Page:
Grandma’s Last Scripture

T256-1AAs many of you know, I care for my 85-year-old mom, Grace. She suffers from dementia. Grace also cared for her mother, Ruth, who died thirteen years ago at the age of 94. My mom suffered a stroke while my grandmother was in hospice. The stress on me during that time was great.

When I was little, Grandma Ruth had an unusual way of punishing me. She was a church-going woman and to punish me she would pick a scripture out of the Bible that pertained to my mischief of the week. I had to memorize it and then recite it to her and my grandpa. I really despised them at that moment but I never realized it would help me later on in life.

When Grandmother was in hospice  I visited her every day. I was exhausted because Mom had just had a stroke and we placed Mom in assisted living the week before to recover. That’s a lot to deal with at 29 with two little kids, a husband and a full-time job.

Grandmother Ruth stopped eating, would talk in half sentences and seemed to be touch and go for days. One night I laid my head on her bed and felt defeated. I felt a little hand on my head and I looked up and she said, “Don’t you know a day in Heaven is better than 1,000 days on earth? You should know that.” Then she shook her head disgusted like I was an idiot for not knowing she was going to a better place. I couldn’t remember where that scripture was and I laughed because she knew I didn’t remember either.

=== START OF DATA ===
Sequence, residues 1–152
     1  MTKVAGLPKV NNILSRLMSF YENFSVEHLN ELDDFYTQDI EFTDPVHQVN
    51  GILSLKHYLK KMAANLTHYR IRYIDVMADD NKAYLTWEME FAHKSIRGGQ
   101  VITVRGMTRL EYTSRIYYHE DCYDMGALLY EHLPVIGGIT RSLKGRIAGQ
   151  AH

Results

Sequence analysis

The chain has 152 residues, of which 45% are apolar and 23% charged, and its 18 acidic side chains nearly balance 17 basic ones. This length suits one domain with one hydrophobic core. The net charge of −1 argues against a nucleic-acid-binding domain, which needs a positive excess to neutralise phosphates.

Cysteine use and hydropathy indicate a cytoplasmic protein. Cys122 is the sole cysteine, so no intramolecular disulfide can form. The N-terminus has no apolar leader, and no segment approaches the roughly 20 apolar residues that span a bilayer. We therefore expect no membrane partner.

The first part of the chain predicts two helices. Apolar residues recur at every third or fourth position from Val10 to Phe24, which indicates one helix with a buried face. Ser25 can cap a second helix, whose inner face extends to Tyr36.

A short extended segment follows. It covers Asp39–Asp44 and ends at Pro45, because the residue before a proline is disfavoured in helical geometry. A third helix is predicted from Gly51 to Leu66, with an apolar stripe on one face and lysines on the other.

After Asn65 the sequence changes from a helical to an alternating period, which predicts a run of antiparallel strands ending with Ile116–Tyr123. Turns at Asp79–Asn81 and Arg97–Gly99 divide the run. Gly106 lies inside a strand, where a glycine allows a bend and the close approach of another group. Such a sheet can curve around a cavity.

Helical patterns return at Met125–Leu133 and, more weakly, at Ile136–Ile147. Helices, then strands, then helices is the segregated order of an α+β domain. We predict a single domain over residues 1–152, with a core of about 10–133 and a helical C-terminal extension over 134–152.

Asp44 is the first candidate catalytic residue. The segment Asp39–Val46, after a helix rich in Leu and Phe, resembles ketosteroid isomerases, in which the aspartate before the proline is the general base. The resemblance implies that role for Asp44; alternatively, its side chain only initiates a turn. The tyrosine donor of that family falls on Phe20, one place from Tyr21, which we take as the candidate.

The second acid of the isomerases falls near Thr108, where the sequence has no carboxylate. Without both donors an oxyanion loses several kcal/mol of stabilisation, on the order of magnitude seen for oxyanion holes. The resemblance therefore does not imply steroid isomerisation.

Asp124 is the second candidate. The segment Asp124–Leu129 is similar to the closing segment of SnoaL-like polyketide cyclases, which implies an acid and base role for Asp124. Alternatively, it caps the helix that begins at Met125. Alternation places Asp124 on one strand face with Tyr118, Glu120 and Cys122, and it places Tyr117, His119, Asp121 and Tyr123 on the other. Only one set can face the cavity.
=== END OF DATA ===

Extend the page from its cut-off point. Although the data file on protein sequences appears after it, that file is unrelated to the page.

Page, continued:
I guess that was her last lesson for me to learn and a scripture I will never forget. Psalm 84:10: “For a day in thy courts is better than a thousand.”

When I get tired from taking care of my mom I hear, “Be not weary in doing  good because later your reward will be great.” I feel that somehow she whispers that to me still. So my punishment of reciting  scripture did pay off and I am glad that is my last memory with Grandma Ruth. She passed soon after speaking those words.

I shared this story to make sure that those of you that are nearing the final stages of caregiving don’t lose hope. I found comfort in knowing some form of peace and humor can come from your caree  and or from up above in your darkest moment.

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